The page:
‘Pizzagate’ gunman who opened fire in DC pizzeria sentenced to 4 years in prison

‘Pizzagate’ gunman who opened fire in DC pizzeria sentenced to 4 years in prison
A North Carolina man who fired shots inside a pizza restaurant in Washington, DC while investigating an internet rumor known as “Pizzagate” last year has been sentenced to four-and-a-half years in federal prison.

On Thursday, US District Judge Ketanji Jackson sentenced Edgar Maddison Welch, 29, on the upper end of guidelines, because she fears that “other people will see what you have done and be inspired by it.”

“I have never heard anything like the conduct that brings us here today,” Jackson said, according to the Huffington Post. “The extent of the recklessness in this case is breathtaking.”

Welch was also sentenced to 36 months of probation and was ordered to pay $5,744.33 in restitution, according to CNN

In March, Welch pleaded guilty to a federal charge of interstate transportation of a firearm with intent to commit an offense and a local charge of assault with a dangerous weapon. 


According to court documents, Welch said he drove to the Comet Ping Pong restaurant from North Carolina in December to investigate a conspiracy theory that linked former presidential candidate Hillary Clinton and other prominent Democrats to a pedophile ring run out of the restaurant’s basement. The location had been occasionally visited by John Podesta, Clinton’s presidential campaign chairman.

Welch entered Comet Ping Pong armed with a fully-loaded AR-15 military-style rifle and a .38 revolver, searching for evidence of hidden rooms or tunnels. While inside, Welch fired several rounds, but no one was hurt. After he found no evidence of child sex-trafficking, Welch left the restaurant and surrendered himself to police officers that were already on the scene.

During the hearing, Welch apologized, telling the judge he "cannot undo or change what already happened,” according to the Associated Press.

Last week, Welsh wrote a letter to the judge, saying he was “truly sorry for endangering the safety of any and all bystanders who were present that day,” according to the Washington Post.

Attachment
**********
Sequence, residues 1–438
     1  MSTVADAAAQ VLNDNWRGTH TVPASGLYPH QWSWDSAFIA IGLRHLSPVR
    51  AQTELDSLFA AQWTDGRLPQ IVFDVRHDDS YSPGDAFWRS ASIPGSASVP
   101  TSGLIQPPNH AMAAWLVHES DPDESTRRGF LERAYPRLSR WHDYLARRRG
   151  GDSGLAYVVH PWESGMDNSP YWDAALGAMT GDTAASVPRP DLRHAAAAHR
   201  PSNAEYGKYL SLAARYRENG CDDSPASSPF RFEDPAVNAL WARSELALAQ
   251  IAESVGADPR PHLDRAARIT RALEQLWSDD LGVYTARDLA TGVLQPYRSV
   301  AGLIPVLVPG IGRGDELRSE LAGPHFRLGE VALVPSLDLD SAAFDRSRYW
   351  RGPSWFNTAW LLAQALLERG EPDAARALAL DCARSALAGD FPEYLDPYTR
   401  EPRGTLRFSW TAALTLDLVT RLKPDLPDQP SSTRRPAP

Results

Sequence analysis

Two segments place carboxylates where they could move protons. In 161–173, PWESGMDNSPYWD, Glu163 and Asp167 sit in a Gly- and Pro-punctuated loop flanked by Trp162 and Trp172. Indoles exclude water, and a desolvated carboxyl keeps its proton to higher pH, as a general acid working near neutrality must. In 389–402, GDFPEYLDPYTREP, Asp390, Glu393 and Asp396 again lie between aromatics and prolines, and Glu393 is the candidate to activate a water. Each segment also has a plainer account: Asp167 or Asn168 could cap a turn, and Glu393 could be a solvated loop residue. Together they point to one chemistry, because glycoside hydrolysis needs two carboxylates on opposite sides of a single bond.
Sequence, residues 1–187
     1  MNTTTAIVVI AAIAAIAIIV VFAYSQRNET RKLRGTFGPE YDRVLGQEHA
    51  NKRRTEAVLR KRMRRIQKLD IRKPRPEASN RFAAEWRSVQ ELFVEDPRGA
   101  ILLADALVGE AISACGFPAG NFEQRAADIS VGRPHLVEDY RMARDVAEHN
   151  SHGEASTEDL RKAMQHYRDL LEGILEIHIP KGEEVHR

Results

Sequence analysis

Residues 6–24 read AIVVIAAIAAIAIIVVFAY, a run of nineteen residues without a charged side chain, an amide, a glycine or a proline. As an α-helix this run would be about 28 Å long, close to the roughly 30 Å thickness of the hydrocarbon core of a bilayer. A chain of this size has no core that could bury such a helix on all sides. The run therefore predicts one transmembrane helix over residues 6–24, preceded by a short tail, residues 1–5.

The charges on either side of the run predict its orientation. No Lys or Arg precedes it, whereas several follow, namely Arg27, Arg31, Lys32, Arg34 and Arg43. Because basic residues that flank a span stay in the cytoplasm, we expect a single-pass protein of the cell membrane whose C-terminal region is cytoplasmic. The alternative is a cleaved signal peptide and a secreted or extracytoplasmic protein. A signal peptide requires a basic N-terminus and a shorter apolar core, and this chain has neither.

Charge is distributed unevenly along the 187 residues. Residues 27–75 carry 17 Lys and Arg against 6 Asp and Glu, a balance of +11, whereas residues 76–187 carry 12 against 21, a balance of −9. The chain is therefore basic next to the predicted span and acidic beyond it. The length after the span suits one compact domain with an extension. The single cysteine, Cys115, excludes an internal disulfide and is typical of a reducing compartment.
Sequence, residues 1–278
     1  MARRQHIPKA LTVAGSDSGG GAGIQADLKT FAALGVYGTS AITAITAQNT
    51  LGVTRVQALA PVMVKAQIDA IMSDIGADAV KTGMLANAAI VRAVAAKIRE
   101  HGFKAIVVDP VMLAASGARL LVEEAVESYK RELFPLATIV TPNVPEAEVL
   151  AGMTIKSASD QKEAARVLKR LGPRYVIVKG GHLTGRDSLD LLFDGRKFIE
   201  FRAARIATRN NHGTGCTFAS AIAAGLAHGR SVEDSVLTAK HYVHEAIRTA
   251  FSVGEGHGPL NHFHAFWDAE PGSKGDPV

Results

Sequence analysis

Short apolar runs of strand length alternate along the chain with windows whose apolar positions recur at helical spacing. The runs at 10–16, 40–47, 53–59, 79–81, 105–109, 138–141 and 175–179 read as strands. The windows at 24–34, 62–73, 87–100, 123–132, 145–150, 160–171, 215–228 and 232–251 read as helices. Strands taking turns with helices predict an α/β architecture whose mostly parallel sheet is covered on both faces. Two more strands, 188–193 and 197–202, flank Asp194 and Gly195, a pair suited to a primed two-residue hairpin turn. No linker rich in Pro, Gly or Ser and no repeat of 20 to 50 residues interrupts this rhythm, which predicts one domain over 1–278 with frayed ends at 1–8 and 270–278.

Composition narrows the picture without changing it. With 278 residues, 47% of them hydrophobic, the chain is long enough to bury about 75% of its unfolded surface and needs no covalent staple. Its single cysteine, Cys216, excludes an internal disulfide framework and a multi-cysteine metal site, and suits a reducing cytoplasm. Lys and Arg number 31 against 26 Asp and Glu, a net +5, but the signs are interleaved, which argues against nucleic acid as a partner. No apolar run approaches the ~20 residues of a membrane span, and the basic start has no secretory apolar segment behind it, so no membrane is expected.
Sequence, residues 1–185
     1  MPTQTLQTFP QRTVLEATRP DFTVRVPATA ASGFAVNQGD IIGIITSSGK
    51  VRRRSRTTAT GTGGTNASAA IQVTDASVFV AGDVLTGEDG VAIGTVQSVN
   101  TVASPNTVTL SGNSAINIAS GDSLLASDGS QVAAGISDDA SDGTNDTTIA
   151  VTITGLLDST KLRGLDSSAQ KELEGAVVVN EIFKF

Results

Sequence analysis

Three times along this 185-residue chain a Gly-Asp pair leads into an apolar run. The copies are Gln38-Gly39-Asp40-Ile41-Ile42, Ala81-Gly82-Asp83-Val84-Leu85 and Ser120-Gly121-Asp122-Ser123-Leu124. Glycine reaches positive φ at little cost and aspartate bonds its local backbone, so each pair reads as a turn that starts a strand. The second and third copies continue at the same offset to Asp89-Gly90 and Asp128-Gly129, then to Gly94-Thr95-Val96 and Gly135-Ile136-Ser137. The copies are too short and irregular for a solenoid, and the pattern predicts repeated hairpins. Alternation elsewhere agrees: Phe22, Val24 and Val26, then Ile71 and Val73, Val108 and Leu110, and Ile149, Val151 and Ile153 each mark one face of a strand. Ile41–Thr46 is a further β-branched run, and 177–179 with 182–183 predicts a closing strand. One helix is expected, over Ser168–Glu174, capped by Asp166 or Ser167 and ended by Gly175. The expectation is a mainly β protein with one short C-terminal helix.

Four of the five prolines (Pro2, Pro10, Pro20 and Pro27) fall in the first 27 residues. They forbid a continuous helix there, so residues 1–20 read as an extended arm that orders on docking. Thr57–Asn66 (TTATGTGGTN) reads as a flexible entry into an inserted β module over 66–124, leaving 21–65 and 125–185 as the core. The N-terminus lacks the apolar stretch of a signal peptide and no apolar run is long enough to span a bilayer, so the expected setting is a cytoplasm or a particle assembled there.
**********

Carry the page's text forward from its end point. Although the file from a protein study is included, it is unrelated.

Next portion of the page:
Welch did not mention the “Pizzagate” conspiracy theory in his apology, rather, that he came to DC to help people he believed were “in dire need of assistance.”

Prosecutors responded by asking Jackson to give Welch a four and a half year sentence in order to send a message to those who contemplate committing violent actions based on “malicious and misguided” conspiracy theories.

“Beyond Pizzagate, the Internet is full of wild conspiracy theories where people urge members of the public to take action,” assistant US attorneys Demian Ahn and Sonali Patel wrote, according to the Post.

Welch’s federal defender, Dani Jahn, was seeking a reduced sentence of eighteen months, saying Welch “does not seek to minimize the impact his reckless and frightening actions had on those who encountered him... Rather, Mr. Welch is hopeful that those victimized by his actions can forgive him,” according to the Post.

James Alefantis, who owns Comet Ping Pong, also testified in court. He told the judge that he still needs security at the restaurant because of the “viscous web of lies” that has caused him to suffer financially and emotionally.

Alefantis said he hopes that responsible behavior and common sense will prevail.

“I am hopeful that those who provoke fear, traffic in lies and perpetuate conspiracy will awake to the tangible harms that result from their actions,” Alefantis said, according to the Associated Press. “I am hopeful that one day reason will prevail before a shot rings out again in a place of warmth and love and communal gathering.”